Counterfeit money is tracked and reported by parts per million (PPM), which reports how many counterfeit banknotes have been passed into circulation out of 1 million. G-20 countries use a benchmark of 50 as an acceptable level of counterfeiting.
In 1990 Canada has a PPM of 4, which means out of 1 million genuine currency bills, 4 counterfeit bills were being passed into circulation.
In 1997, the rate in Canada increased to 117. By 2004, the rate was 470 PPM.
In 2002, up to 10 percent of retailers across the country were no longer accepting the Canadian $100 bill in order to protect themselves from counterfeits.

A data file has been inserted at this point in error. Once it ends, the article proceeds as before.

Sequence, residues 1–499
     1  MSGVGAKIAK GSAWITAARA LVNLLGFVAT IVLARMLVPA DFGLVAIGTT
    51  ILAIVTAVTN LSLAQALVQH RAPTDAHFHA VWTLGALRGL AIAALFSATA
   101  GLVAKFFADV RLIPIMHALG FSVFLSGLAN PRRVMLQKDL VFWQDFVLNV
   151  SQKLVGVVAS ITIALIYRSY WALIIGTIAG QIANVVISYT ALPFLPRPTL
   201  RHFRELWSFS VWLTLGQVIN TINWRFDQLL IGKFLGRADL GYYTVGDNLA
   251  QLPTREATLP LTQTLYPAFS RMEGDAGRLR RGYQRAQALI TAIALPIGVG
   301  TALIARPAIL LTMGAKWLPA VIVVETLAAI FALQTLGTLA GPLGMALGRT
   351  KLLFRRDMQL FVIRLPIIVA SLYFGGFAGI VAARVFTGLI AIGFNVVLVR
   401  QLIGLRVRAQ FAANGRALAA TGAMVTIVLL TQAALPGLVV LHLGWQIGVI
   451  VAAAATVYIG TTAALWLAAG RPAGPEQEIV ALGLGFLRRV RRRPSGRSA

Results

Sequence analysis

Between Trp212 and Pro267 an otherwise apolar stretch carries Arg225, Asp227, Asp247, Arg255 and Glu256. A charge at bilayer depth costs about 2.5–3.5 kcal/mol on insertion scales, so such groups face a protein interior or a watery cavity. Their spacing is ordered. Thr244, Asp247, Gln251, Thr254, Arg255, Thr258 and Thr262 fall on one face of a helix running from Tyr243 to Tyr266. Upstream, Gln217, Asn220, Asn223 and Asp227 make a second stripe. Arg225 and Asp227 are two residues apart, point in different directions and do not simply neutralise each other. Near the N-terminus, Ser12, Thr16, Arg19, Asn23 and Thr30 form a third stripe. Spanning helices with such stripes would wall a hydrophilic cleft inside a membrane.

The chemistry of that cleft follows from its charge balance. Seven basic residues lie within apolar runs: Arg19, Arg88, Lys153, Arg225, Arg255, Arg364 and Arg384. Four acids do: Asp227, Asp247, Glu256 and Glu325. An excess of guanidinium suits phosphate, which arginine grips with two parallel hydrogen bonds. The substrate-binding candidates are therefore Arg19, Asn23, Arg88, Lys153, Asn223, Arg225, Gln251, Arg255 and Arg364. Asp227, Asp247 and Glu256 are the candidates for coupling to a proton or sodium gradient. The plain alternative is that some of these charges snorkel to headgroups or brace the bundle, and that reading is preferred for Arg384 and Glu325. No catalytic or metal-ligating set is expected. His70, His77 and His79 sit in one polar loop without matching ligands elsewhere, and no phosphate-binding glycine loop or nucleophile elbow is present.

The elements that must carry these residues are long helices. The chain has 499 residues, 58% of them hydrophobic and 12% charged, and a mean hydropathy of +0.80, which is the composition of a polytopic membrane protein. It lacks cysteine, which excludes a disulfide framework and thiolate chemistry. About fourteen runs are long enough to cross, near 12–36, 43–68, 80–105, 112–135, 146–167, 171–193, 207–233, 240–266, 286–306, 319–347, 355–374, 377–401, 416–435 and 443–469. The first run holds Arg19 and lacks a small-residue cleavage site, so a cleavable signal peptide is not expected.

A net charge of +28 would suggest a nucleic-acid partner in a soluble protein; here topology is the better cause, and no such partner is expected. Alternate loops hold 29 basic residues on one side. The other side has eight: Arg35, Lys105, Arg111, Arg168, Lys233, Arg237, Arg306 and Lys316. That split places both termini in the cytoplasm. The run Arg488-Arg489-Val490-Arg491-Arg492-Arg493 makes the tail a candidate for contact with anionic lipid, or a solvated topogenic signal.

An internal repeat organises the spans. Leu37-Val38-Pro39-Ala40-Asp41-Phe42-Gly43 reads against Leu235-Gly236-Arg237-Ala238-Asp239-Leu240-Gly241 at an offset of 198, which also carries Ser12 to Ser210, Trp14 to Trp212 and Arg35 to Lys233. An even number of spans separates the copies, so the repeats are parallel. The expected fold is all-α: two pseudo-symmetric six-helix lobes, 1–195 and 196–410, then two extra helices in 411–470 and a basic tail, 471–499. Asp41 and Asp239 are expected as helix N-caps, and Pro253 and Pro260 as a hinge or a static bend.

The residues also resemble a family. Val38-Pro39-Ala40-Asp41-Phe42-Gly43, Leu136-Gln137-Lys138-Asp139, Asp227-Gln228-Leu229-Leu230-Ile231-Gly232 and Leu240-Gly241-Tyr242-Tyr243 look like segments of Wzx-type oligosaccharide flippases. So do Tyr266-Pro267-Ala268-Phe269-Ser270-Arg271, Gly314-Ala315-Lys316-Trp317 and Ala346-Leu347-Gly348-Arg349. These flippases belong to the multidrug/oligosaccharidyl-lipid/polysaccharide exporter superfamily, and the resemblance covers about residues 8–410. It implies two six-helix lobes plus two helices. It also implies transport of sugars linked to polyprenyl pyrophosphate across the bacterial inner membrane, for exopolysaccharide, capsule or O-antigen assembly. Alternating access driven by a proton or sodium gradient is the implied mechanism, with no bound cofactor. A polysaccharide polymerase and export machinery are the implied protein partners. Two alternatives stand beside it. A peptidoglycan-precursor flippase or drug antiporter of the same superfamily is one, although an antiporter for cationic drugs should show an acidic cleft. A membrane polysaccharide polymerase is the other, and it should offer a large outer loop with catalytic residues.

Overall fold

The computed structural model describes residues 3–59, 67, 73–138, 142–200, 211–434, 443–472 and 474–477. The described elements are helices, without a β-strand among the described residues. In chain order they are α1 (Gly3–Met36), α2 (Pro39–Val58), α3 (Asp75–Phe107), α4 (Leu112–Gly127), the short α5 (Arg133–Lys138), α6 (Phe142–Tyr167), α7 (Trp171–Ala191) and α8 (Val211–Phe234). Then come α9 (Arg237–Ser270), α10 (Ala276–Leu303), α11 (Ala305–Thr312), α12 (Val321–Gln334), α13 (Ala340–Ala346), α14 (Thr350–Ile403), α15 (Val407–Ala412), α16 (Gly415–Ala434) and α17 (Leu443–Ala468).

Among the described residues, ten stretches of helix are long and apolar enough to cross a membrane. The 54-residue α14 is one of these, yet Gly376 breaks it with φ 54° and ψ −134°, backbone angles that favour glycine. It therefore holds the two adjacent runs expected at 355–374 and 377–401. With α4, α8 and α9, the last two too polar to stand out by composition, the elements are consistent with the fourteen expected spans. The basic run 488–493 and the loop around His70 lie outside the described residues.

After enacting changes to its currency, Canadian officials reported that 2008 the PPM of counterfeit money was 76, and down under 40 PPM in 2011.
Source: Grant Robertson, “Funny money: How counterfeiting led to a major overhaul of Canada’s money,” Globe and Mail, December 3, 2011.